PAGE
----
Michael Laitman
Founder and president of Bnei Baruch Kabbalah Education & Research Institute

Can Music Be Used in Education?

There are numerous examples of how music and songs are used in education in order to let students absorb the material more easily. Moreover, by learning various subjects through music, the students themselves learn how to teach others, their next generation, and so on. If students sing together in their learning, then they also add a component of a common bond and adaptation to their learning.

More importantly, however, than using music to better learn within the current educational frameworks, we need a different kind of education altogether, one in which the students would understand the need to positively connect.

In other words, as our world becomes increasingly connected, then we need a renewed emphasis in our educational methods on the need for positive connection. The first takeaway students should extract from their learning is that without positive connection in their society, groups and various interactions, nothing will help them in life.

Such an approach disregards the current educational approach at its core, which is primarily based on individual learning, development and achievements. Developing ourselves in individual competition against one another is an outdated educational approach that no longer suits our globally interconnected and interdependent world. All learning, development and achievements should then come after establishing the new emphasis in education—on the need to positively connect.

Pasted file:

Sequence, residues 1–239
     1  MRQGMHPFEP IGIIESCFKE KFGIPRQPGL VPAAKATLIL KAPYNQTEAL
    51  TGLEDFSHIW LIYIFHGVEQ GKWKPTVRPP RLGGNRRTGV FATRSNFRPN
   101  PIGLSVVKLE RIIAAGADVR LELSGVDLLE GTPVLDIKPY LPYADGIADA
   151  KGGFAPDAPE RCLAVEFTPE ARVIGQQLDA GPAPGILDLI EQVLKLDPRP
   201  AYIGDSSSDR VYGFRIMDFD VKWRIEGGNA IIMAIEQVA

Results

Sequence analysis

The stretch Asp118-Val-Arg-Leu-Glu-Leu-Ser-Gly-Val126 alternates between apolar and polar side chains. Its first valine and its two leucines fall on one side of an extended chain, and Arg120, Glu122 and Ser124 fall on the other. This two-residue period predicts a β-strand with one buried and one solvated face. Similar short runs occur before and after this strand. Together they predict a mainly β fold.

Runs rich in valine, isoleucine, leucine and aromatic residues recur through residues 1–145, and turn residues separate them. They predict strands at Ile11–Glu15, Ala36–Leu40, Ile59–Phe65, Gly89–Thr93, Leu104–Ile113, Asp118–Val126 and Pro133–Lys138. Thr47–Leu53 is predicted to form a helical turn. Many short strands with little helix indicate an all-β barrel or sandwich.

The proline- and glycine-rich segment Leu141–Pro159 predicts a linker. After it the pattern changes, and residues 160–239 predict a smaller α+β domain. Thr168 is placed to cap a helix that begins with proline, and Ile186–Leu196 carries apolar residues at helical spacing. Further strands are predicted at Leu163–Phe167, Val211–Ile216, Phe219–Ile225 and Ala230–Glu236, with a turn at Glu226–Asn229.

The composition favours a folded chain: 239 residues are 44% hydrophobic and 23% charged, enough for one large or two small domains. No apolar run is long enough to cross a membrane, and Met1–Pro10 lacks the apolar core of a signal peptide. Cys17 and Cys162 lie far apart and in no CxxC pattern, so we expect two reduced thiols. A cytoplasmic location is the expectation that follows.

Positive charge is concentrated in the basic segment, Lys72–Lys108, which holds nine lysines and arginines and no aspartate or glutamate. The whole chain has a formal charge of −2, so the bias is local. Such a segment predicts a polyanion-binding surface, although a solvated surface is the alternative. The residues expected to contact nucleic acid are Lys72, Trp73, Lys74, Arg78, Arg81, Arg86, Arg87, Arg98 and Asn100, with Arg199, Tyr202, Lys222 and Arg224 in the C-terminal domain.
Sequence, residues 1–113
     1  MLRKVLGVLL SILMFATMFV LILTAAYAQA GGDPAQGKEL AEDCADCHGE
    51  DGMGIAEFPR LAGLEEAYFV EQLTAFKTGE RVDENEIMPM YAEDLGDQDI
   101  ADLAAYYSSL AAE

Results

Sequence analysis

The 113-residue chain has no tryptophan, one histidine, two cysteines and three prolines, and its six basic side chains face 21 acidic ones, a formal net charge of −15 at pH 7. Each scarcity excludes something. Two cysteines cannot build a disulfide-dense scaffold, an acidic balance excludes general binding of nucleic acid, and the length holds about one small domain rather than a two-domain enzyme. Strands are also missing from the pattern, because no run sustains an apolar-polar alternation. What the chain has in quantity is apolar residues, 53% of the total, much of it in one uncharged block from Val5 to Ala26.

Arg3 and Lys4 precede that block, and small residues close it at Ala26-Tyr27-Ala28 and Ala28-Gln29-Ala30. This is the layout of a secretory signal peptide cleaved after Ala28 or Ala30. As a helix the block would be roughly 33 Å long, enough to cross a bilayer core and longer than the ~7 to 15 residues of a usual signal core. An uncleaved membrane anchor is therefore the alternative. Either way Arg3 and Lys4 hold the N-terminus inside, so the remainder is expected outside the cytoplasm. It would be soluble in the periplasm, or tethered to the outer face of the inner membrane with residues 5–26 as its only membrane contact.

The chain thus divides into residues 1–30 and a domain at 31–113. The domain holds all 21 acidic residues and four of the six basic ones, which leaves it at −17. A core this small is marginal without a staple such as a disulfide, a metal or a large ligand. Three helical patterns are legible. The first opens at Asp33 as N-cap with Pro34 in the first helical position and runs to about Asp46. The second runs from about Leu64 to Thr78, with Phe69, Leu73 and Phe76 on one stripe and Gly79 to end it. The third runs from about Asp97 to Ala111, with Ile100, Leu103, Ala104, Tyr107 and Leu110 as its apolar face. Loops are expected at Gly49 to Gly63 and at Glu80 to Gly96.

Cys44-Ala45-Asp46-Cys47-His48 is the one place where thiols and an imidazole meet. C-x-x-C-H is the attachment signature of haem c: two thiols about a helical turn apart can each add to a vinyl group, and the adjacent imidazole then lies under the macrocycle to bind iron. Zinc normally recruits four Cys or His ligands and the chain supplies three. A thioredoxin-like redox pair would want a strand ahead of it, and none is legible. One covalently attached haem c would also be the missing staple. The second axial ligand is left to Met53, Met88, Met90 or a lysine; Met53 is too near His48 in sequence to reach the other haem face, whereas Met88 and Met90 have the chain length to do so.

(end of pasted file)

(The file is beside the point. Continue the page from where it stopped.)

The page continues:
The world thus needs new kinds of educators who know how to enter the students’ hearts and generate a well-connected atmosphere. Doing so also requires that the educators themselves grow a positive connection among each other. Indeed, such a vision is distant from our current educational frameworks, and it seems impossible to educate teachers in such a way today. Perhaps it would become possible to reach some kind of an agreement where teachers first establish a positive connection among themselves in the teachers’ rooms, and then from a well-connected state that they reach, they pass that atmosphere over into their classrooms. Certainly, then, we would start seeing better results across the board: first in the more harmonious social atmosphere of kindness and care, then in mutual assistance and the desire to learn better.

There is a long road ahead to develop new educators—and thus a new educational system—based on the need to positively connect throughout society. Along the way, teachers would need to have both their material and ideological interests in such ideas piqued. That is, they would need to receive a satisfying paycheck for their educational work, and also learn the many ins and outs of positive human connection while exercising it among their fellow educators.

About the Author
Michael Laitman is a PhD in Philosophy and Kabbalah. MSc in Medical Bio-Cybernetics. Founder and president of Bnei Baruch Kabbalah Education & Research Institute. Author of over 40 books on spiritual, social and global transformation. His new book, The Jewish Choice: Unity or Anti-Semitism, is available on Amazon: